Me and Earl and the Dying Girl Review

Hey guys! So today I finished Me and Earl and the Dying Girl by Jesse Andrews meaning that now it’s time for a review!

Greg Gaines is the last master of high school espionage, able to disappear at will into any social environment. He has only one friend, Earl, and together they spend their time making movies, their own incomprehensible versions of Coppola and Herzog cult classics.
Until Greg’s mother forces him to rekindle his childhood friendship with Rachel.
Rachel has been diagnosed with leukemia—-cue extreme adolescent awkwardness—-but a parental mandate has been issued and must be obeyed. When Rachel stops treatment, Greg and Earl decide the thing to do is to make a film for her, which turns into the Worst Film Ever Made and becomes a turning point in each of their lives.
And all at once Greg must abandon invisibility and stand in the spotlight. – summary


This book is a hard one to rate because I feel so sure about half of it but then the end is kind of just meh, so I’m going to break my own rating system here and say that I would reread three fourths of this book— then I’d stop, and make up my own ending. Can you tell how this review is going yet?


So as I said, the first three fourths of Me and Earl and the Dying Girl is hilarious, heartfelt, and overall just great! But then life takes over… and the book just gets meh... But I’m getting ahead of myself let’s talk about the good stuff first. The characters are very strong, you understand where each of them is coming from and feel for them— they all feel real, something a book like this needs. The writing style of the book being told as a book that Greg is writing is really interesting and I felt like it helped the book! I also really enjoyed the inclusion of the different formats of writing (paragraphs, screenplay, and bullets), it was also very interesting and allowed the reader to learn more about Greg's personality just by how he would write things like that.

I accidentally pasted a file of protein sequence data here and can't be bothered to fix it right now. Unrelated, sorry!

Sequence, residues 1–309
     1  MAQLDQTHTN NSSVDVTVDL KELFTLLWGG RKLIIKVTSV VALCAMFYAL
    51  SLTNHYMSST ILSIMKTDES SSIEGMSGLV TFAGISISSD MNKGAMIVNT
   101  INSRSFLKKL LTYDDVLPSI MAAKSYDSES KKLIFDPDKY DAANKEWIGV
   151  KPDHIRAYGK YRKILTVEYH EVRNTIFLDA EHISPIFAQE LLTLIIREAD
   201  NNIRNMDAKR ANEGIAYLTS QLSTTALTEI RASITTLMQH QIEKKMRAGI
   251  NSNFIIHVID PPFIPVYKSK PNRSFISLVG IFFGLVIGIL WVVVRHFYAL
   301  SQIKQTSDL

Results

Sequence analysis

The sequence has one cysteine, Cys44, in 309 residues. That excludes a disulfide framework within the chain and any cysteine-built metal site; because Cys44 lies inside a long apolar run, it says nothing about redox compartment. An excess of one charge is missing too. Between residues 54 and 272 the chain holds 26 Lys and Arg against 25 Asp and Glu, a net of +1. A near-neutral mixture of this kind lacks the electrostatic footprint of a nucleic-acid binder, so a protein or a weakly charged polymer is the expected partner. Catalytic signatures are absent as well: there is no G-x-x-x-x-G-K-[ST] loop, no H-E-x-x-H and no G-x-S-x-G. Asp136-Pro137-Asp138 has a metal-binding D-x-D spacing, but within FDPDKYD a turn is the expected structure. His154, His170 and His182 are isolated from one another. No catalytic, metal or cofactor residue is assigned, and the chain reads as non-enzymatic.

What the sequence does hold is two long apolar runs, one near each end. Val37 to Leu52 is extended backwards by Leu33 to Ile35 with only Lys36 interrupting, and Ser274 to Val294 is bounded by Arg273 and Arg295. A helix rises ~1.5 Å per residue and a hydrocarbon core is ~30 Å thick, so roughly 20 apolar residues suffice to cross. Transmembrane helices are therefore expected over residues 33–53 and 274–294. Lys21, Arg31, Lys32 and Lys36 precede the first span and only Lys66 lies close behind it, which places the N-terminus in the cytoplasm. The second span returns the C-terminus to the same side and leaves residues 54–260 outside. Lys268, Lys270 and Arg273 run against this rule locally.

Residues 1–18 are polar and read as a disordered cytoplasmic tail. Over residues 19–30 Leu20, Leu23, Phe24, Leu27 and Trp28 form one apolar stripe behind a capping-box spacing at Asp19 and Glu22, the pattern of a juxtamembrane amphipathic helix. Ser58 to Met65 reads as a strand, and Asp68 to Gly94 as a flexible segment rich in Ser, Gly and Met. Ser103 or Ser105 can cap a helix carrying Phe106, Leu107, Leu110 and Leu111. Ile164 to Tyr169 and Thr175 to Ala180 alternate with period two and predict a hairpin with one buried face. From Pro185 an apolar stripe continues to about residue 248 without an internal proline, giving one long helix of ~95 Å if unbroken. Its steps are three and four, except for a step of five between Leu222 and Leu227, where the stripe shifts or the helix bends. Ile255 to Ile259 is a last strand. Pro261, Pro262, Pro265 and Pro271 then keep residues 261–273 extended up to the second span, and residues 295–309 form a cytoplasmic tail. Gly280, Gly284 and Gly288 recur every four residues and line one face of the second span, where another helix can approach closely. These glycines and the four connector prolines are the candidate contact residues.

Now for the things that I wasn’t too fond of— really just the end. Now before I say that I want to explain that Jesse Andrews might have been going for an underwhelming ending because, well, life is underwhelming and disappointing sometimes, but that doesn’t mean it makes a good ending to a story. Towards the end of the novel I felt like I was just waiting for something to happen… and wait, and waiting, because it never happened. The end felt abrupt and left me feeling like there was more of Greg’s story that I was missing out on.

Overall, I’m glad I read Me and Earl and the Dying Girl because I did enjoy it! I can see myself rereading it in the future (even if it is just part of it). I am also extremely excited for the movie coming out this summer! I think that the movie looks great from the trailers!

Have you read Me and Earl and the Dying Girl? What did you think? Are you planning on seeing the movie later this year?

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